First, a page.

Malaysia’s ringgit dropped the most in six weeks as the dollar rose on data signaling the Federal Reserve may increase borrowing costs this year.
Fed Bank of Philadelphia President Charles Plosser said he’s encouraged by a May 30 report that showed price gains in the economy accelerated, adding that he thinks “the rate hikes are going to come sooner than expected.” The Bloomberg U.S. Dollar Spot Index, which tracks the greenback against 10 major counterparts, snapped a two-day drop after a report last week showed U.S. durable goods orders topped economists’ forecasts.
“The U.S. dollar is stronger because of the better data such as durable goods and more positive comments from Fed officials,” said Saktiandi Supaat, head of foreign-exchange research at Malayan Banking Bhd. in Singapore. “With the Chinese market closed for a public holiday, investors also opted to stay with the safe-haven greenback.”
The ringgit depreciated 0.5 percent to 3.2283 per dollar in Kuala Lumpur, halting a two-day gain, according to data compiled by Bloomberg. That’s the biggest loss since April 22. One-month implied volatility, a measure of expected moves in the exchange rate used to price options, increased 16 basis points, or 0.16 percentage point, to 5.52 percent.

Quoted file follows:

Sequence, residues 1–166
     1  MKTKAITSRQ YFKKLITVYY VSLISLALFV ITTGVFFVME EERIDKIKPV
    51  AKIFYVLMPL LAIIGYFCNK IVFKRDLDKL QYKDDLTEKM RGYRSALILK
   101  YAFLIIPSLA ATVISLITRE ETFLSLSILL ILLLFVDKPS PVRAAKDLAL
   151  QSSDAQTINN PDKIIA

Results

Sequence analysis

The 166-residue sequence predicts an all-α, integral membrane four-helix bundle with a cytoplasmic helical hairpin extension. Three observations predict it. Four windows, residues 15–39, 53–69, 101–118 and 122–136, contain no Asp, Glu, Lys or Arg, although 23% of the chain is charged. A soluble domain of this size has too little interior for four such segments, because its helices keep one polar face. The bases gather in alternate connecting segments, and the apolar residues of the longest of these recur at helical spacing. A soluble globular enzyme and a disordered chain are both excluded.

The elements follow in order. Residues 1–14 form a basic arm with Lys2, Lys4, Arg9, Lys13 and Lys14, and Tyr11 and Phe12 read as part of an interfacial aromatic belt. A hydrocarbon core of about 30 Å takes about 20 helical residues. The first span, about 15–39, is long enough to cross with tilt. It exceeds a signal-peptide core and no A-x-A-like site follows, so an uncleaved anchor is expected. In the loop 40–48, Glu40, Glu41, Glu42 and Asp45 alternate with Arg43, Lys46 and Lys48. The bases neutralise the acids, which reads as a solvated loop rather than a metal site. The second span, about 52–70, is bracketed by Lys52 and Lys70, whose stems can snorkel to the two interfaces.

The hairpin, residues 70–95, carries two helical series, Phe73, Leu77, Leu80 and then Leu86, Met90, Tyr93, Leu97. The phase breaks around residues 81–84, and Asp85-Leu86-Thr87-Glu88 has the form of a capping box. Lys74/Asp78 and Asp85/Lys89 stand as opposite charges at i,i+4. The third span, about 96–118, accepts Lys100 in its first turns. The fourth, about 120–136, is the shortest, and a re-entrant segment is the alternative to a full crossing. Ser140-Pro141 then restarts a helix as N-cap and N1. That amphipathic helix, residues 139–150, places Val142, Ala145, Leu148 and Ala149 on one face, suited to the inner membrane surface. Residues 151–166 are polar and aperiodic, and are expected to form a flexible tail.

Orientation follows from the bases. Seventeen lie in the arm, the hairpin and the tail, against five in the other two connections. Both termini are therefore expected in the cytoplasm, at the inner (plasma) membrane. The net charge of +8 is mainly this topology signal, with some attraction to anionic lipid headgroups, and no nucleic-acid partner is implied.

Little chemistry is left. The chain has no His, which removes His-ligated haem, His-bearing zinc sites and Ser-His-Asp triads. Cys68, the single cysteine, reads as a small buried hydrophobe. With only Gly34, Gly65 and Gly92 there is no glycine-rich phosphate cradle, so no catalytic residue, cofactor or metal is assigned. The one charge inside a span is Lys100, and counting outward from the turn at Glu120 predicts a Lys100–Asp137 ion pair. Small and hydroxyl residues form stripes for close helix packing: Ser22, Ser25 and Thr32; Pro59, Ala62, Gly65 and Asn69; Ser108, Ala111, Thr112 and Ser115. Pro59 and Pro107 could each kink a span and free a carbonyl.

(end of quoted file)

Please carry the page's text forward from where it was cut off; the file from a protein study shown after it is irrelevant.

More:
The Fed’s preferred gauge of inflation, as measured by the personal consumption expenditures index, accelerated to 1.6 percent in April, the fastest pace since 2012, figures showed on May 30. Durable goods orders rose 0.8 percent in April, more than the 0.7 percent contraction predicted by economists.
A report on June 6 may show Malaysia’s exports climbed 9.1 percent in April, compared with 8.4 percent the previous month, according to the median forecast of analysts surveyed by Bloomberg.
Government bonds were little changed, with the yield on the 3.654 percent notes maturing in October 2019 at 3.74 percent, according to data compiled by Bloomberg. It decreased one basis point last week.
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